Breastfeeding is Best
Ever since the Innocenti Declaration was produced and adopted by participants at the WHO/UNICEF policymakers' meeting on “Breastfeeding in the 1990s”, there has been a world-wide initiative to promote breastfeeding. In observance of this global initiative La Leche League and other organizations in over 120 countries will celebrate World Breastfeeding Week to promote and advance the breastfeeding movement. The U.S. government recently spent $2 million on an ad campaign to promote breastfeeding.
The World Health Organization recommends exclusive breastfeeding for 6 months as the optimal way of feeding infants. Thereafter infants should receive complementary foods with continued breastfeeding up to 2 years of age or beyond.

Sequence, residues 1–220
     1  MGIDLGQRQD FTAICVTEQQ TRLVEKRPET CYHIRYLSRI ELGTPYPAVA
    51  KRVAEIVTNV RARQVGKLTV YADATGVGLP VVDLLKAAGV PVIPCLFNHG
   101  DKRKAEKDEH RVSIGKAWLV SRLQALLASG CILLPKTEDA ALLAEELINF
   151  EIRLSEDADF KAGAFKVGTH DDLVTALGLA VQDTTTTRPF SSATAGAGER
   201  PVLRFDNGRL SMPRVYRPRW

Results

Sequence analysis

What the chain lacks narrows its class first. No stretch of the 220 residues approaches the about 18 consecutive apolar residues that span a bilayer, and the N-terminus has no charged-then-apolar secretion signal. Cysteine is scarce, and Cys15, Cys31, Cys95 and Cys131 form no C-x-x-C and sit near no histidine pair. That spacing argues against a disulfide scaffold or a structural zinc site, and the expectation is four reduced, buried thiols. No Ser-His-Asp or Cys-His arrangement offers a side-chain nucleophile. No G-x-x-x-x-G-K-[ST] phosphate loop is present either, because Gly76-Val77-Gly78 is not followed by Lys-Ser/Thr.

American Academy of Pediatrics recommends that mothers breastfeed their infants unless there are some contraindications such as infants with classic galactosemia; mothers who have active untreated tuberculosis disease, mothers who are receiving diagnostic or therapeutic radioactive isotopes or have had exposure to radioactive materials; mothers who are receiving antimetabolites or chemotherapeutic agents or a small number of other medications until they clear the milk; mothers who are using drugs of abuse; and mothers who have herpes simplex lesions on a breast. In the United States, mothers who are infected with human immunodeficiency virus (HIV) have been advised not to breastfeed their infants.